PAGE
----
#13 The 1% Improvement Rule ⋆ TechPixies

#13 The 1% Improvement Rule

This is the final part of a 4 part series on habits.

In the first part, we spoke about bad habits, how they hold you back from success and gave you a tool to help you start breaking them.

In the second part, we discussed the 2 KISS Rules for getting new habits to stick: the 2 minute rule and the don’t skip twice rule.

Then in our latest installment, we talked about the habit of words and 3 worst things that women tell themselves every day.

As we wrap habits up, I want to introduce you to something that blew my mind.

A few years ago, I was at a business event – that same event was where I heard about the concept of the growth mindset – and I learned about the concept of 1% improvement.

The reason why most people fail at their new habits is that they are generally trying to make a dramatic change BUT here’s the deal…

Dramatic changes are hard and overwhelming.

Remember the 2 minute KISS Rule? If you want to start running – you don’t start by running an hour a day – you start by running 2 minutes a day.

And if we keep the second KISS Rule… never skip twice… then let’s say you decide you are going to run 5 days a week (that still gives you a couple skip days – just don’t skip twice!).

But now… let’s add the 1% improvement rule. If you decide that you are going to start by running 2 minutes a day and then push yourself to increase your time by 1% each time you run and you do it for a a year, in week 52, you’ll be running 26 minutes.

The 1% improvement rule applies to everything – money, weight, tech skills. It is about small improvements over time that lead to big results.

I was lucky to have heard about the 1% improvement rule (also called The Aggregation of Marginal Gains – James Clear) early on when building TechPixies. Almost immediately, I adapted this principle to our core curriculum. I have made it my goal and mission to improve the curriculum each and every time we delivered it – for both our face to face and our online curriculum. Over time, this has become one of the strengths of the programme and it is a principle that I am fully committed to.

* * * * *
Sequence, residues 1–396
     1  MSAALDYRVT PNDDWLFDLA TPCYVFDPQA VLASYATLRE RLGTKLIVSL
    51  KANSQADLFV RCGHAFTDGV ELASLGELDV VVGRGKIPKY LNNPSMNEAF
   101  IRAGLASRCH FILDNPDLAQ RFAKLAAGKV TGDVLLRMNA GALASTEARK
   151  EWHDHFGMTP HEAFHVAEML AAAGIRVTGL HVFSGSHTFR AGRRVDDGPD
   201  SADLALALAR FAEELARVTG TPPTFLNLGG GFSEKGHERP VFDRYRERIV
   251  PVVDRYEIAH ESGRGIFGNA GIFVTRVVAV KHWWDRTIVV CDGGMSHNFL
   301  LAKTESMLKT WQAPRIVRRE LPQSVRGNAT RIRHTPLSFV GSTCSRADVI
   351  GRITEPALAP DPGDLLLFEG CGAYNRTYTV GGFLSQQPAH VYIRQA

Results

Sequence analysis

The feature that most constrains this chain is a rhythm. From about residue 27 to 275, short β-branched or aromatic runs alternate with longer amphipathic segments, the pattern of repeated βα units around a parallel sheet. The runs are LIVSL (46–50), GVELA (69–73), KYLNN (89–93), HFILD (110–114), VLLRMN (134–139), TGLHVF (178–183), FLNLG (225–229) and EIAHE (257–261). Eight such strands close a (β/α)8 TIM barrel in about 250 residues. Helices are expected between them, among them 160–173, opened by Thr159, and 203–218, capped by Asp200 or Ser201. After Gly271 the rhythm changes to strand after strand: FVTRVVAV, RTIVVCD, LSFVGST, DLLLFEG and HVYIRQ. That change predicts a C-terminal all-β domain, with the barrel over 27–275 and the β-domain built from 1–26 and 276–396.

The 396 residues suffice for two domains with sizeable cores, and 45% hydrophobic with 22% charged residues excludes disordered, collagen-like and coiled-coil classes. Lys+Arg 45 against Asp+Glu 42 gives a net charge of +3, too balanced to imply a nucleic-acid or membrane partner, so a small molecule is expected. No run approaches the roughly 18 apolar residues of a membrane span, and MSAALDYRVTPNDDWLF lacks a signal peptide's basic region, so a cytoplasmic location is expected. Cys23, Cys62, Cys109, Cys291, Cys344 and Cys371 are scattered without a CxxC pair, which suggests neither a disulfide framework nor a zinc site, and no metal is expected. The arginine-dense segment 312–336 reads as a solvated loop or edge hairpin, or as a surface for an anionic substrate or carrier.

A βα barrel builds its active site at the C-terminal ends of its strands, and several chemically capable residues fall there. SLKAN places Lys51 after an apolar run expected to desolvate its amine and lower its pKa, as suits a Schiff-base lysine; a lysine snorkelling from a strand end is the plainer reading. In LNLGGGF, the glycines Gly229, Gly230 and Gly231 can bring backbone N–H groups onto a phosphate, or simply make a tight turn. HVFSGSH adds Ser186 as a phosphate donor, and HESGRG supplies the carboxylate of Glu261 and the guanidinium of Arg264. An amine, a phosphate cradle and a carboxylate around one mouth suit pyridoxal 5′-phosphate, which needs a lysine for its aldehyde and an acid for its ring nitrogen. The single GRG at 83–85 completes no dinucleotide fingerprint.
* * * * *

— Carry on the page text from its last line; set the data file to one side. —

One thing I’ve found in applying this principle is that in the early days, it is often easy to make leaps and bounds in improvement. It is only as time goes on that it gets harder and harder to improve. That is when you start to improve the things people can’t see. James Clear, the author of Atomic Habits explains what this looked like for the British Cycling team.

Take the running example above – it may be that once you get up to running 26 minutes a day, you don’t actually need to run longer. At this point, you start to run faster. You introduce 10×1 minute sprints or 8×2 minute sprints. Within the same amount of time, you can start to make speed improvements.

I’d love to know what kinds of things you’d like to make 1% improvements on? Tell us on Facebook.


This is the final part of a four part series we have released about habits. If you’d like to start changing a bad habit you’ve had for a while, then download our FREE HABIT BREAKER WORKSHEET which will help identify the habit you want to change as well as work out your habit loop and track your progress towards breaking it.

We’d love it if you’d join us for an online discussion too! I’m LIVE on Facebook at 12pm on Tuesdays.